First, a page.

the appearance of malikoda in public representations of taiwan resonates with a broader movement toward a multicultural public sphere. as i have noted elsewhere (see, for example hatfield 2008), democratization on taiwan has meant denationalization, the removal of the forms and practices through which taiwan was china both internally and externally. thus from the 1990s onward, a variety of possible taiwans–dutch, japanese, folkloric, and indigenous–have appeared in traces, often covering over or displacing the previous iconography of taiwan as china. on the one hand, the work of disclosing and befriending these diverse traces valorizes the “local;” however, it is also a scale making project which opens to broader circulation. images of indigeneity link taiwan to global imagination of indigenous people and indigenous rights movements. for this reason, the diverse traces are tracks to a future beyond taiwan’s current lack of recognition. mass indigeneity, what i’ve called the need to represent in public spaces and as a private citizen an indigenous heritage (even in those cases in which one does not have an indigenous identity) is an ethical correlate of this scale making project, our lived experience of scale or, if you like, the political as personal. to underline multiculturalism as an ethical project, moreover, suggests that the work of disclosing diversity is an ongoing process of making and remaking scale

schools are one of the good places to see this process in action, particularly in small towns and villages. dulan elementary school, which dates to 1915, was first founded as a “tribal public school” (番公學校 literally “public school for savages”) and became a national elementary school with all six grades late in the japanese colonial period, in 1941


like schools throughout taiwan, the elementary school is furnished with a track and a large courtyard in front of the school buildings. an official viewing stand (司令台 literally “commander’s platform”) occupies the high position facing this courtyard, shaded for the principal and other notables to gaze over the students assembled in ranks in the courtyard. architecturally, the official viewing stand not only occupies a commanding position of the school courtyard. during the KMT oligarchy (1945-1987) these structures also contained moral and political slogans, images of the national territory or flag of the republic of china, and portraits of national father sun yat-sen and president chiang kai-shek. official viewing stands thus interpellated students within the ideological and scale making projects of the KMT state. in addition to the official viewing stand, bronze statues or busts of president chiang and confucius often occupied prominent positions toward the front of the school courtyard. students coming and going to school were encouraged to doff their hats and bow to the chiang statue as they entered or left school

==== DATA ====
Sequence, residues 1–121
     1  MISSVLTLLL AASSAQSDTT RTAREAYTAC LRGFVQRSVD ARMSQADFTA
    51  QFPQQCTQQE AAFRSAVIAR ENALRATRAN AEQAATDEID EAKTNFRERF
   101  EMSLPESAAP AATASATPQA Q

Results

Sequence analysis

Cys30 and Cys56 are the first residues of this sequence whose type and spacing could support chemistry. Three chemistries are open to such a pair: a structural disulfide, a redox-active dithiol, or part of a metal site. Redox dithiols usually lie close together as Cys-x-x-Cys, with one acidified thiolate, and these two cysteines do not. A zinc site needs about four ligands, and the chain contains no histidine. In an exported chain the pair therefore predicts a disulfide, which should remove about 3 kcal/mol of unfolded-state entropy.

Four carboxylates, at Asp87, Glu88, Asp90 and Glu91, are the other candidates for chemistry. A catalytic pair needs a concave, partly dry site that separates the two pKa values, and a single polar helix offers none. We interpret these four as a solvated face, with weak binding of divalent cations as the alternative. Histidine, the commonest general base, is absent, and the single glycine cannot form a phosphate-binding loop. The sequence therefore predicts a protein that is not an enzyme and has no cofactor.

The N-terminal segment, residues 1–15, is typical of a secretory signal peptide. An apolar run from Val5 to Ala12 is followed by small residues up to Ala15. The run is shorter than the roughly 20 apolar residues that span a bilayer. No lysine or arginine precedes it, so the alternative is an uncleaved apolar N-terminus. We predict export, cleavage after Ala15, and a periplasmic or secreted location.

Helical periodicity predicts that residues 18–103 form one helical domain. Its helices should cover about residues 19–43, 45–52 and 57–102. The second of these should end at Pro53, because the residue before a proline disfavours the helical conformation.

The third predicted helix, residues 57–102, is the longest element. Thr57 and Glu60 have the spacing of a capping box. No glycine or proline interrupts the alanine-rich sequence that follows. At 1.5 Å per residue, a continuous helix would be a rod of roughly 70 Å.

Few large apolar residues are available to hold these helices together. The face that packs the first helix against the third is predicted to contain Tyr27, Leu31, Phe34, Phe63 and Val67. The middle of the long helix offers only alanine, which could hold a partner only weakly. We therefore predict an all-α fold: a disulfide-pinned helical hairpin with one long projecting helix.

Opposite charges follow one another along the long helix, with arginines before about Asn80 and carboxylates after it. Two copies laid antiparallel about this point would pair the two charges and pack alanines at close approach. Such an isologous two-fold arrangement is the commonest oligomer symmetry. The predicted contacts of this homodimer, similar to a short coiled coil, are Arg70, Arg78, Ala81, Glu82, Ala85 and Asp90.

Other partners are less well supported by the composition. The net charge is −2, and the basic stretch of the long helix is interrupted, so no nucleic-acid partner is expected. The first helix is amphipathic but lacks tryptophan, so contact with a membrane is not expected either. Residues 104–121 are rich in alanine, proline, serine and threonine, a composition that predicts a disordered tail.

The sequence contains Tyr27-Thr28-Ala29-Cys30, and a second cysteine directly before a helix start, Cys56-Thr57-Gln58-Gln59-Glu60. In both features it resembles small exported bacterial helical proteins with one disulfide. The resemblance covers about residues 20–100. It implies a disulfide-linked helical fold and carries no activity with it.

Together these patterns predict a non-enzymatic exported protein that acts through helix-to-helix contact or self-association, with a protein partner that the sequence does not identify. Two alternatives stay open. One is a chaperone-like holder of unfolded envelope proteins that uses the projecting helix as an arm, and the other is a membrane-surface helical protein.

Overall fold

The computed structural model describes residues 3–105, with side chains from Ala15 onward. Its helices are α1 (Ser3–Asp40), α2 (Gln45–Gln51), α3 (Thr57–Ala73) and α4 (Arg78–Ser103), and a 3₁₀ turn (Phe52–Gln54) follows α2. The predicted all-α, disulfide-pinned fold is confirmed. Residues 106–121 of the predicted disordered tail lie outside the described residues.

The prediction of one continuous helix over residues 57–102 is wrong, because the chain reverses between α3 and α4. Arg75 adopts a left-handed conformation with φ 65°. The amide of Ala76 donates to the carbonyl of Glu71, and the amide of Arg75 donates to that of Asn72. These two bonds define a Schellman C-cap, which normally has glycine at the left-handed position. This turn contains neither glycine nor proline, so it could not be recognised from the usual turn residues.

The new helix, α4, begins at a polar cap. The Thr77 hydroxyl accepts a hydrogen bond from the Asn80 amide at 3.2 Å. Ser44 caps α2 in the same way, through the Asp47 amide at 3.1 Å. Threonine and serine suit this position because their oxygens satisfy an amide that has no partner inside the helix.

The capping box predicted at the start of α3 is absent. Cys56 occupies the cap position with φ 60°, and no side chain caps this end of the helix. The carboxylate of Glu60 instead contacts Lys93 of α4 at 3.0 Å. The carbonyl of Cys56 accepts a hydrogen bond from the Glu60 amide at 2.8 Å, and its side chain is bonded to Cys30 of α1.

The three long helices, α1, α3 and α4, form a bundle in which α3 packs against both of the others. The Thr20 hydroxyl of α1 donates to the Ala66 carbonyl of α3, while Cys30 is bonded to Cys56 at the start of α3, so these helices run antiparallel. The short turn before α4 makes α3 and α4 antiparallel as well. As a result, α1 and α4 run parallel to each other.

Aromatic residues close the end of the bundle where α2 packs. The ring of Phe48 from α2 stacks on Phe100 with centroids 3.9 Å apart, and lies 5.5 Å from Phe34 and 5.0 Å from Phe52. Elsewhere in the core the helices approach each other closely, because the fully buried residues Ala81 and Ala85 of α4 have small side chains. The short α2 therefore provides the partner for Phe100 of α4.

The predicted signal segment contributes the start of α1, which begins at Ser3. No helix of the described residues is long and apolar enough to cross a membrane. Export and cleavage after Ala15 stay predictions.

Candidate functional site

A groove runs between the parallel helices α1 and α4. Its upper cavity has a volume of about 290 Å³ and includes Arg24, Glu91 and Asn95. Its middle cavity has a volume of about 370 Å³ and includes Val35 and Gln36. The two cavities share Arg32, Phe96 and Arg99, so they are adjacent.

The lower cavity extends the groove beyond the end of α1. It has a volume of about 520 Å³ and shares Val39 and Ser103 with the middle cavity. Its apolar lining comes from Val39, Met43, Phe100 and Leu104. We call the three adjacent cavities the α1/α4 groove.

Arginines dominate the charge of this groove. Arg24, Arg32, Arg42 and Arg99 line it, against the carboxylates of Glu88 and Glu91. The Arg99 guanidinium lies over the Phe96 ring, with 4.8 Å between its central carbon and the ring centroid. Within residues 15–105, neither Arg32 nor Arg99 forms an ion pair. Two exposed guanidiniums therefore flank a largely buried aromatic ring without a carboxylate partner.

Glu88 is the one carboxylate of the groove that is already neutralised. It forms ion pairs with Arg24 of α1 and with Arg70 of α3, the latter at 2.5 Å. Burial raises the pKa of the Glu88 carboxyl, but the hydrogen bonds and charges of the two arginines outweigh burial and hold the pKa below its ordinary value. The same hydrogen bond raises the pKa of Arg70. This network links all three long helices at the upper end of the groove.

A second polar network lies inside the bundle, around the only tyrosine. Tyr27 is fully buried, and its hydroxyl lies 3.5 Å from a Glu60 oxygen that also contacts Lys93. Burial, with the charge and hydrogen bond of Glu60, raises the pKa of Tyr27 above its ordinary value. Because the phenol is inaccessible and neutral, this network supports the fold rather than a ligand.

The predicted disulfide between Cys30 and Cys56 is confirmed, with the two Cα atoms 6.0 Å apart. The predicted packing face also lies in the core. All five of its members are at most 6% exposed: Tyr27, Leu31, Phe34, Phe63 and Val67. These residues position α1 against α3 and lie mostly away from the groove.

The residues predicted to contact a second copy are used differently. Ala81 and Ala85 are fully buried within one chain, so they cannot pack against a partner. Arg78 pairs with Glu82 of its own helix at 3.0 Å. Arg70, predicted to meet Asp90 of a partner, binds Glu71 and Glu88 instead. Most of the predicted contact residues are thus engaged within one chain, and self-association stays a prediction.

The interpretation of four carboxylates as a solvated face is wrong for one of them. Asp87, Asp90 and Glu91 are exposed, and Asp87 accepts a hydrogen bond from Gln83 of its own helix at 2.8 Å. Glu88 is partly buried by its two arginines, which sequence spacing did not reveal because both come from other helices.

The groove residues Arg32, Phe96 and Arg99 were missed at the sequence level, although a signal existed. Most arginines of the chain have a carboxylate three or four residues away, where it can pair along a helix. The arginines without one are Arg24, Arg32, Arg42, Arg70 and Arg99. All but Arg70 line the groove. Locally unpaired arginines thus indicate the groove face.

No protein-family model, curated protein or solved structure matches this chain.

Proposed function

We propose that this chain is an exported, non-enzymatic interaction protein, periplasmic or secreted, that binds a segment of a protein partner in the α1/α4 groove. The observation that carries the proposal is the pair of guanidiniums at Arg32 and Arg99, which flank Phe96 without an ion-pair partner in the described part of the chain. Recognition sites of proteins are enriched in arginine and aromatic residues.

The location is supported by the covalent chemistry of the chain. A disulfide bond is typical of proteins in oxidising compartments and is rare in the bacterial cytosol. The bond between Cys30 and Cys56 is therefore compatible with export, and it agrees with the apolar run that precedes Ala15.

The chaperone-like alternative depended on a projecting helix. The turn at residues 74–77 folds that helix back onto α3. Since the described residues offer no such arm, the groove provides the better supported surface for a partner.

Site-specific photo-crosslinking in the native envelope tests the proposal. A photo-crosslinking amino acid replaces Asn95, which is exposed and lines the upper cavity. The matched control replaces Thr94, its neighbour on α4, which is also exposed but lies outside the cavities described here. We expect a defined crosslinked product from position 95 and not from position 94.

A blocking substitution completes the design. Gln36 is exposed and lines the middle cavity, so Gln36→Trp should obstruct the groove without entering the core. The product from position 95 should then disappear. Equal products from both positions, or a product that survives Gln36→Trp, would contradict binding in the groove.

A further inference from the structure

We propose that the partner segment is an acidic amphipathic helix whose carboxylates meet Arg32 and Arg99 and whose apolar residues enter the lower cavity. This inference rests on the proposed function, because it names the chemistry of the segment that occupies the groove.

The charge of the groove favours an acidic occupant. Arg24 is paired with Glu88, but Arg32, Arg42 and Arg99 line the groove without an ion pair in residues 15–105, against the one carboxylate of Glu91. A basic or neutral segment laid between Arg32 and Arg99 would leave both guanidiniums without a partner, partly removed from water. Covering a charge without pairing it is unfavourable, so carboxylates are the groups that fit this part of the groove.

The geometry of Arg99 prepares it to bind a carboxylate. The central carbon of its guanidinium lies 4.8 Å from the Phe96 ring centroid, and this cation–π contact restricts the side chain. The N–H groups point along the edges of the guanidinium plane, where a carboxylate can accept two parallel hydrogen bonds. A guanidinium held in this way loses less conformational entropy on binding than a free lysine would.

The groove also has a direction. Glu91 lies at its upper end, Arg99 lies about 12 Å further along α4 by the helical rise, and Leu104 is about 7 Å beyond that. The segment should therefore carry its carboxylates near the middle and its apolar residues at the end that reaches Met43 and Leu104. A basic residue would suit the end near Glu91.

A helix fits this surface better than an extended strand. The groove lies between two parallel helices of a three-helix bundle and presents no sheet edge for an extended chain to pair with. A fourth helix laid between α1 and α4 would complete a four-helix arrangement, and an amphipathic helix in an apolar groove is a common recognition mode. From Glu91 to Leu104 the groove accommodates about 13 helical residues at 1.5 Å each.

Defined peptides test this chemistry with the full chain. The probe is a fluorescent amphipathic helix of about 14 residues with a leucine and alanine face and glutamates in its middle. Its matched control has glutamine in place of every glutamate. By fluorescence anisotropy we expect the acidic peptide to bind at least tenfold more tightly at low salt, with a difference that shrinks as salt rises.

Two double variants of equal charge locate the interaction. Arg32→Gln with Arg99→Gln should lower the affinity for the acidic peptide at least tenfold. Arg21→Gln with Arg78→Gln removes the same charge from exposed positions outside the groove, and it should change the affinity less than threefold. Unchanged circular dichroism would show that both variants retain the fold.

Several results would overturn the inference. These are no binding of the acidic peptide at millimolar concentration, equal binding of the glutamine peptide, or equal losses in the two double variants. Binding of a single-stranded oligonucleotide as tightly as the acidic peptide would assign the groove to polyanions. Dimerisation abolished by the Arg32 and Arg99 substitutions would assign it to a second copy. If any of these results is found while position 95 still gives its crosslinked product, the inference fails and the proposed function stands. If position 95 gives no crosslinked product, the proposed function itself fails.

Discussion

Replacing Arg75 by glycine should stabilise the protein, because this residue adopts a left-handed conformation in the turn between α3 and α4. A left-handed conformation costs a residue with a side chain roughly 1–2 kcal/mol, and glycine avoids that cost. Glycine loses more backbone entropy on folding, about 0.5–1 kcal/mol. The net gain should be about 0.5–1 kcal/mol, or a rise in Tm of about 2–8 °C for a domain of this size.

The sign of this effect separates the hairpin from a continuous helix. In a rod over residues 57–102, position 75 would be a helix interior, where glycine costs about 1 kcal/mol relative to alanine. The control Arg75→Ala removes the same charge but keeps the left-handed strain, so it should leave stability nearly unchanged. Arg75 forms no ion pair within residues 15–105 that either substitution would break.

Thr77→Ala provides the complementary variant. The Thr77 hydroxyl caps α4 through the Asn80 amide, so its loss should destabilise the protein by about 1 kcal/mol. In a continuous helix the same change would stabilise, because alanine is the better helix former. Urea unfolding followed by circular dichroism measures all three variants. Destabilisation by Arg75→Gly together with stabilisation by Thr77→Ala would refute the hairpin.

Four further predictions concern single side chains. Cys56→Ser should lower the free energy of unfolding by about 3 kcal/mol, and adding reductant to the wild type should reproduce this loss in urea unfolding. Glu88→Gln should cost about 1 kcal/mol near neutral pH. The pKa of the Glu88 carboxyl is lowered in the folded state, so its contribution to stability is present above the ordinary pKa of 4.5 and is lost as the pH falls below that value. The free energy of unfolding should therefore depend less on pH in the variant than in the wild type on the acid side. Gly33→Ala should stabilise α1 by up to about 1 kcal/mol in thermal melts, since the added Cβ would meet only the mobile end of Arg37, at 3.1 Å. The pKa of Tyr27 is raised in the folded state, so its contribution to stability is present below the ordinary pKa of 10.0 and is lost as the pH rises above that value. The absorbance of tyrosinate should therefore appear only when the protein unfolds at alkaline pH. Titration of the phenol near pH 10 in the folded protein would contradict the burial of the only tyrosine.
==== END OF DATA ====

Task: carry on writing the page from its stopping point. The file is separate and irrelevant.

with the end of martial law and accelerated political reform, chiang began to disappear from public spaces, including schools. soon, the political exhortations and icons of the nationalist state would fade. school administrators, responding to calls for the representation of local culture in school buildings, then covered these icons with other ones. at dulan elementary, indigenous iconography covered the chiang portrait



currently, solar panels and indigenous motifs foreground dulan elementary’s commitment to sustainability and local cultural development. and yet, the students at dulan elementary are not all indigenous; half of the student body belongs to hakka, hoklo, or new immigrant ethnic groups. moreover, although the wooden panels at dulan elementary represent local subsistence, mythology, and ritual, woodcarving of this sort was not practiced among a’tolan ‘amis. in fact, the images of coiled snakes and ancestor figures here borrows heavily from the woodcarving tradition of the paiwan group. the novelty and cross-borrowing of techniques and iconography suggests that for the artists (and the school, with whom they are complicit) the carved panels further another sort of scale making project, one in which the local (a’tolan ‘amis mythology, subsistence techniques, and dance gestures) articulate with pan-indigenous representational strategies


chiang is gone, and confucius is in the corner; but depictions of malikoda are never just a representation of the local